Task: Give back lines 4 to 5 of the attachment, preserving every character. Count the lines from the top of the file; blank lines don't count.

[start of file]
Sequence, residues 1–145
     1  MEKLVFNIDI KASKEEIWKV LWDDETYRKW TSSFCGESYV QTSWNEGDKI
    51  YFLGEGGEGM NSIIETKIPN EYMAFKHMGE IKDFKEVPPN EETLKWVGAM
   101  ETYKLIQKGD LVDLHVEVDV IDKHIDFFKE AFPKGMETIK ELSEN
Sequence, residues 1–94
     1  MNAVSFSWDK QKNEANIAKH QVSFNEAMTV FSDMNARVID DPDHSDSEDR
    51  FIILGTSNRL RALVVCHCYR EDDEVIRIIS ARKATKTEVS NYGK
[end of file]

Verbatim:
   101  ETYKLIQKGD LVDLHVEVDV IDKHIDFFKE AFPKGMETIK ELSEN
Sequence, residues 1–94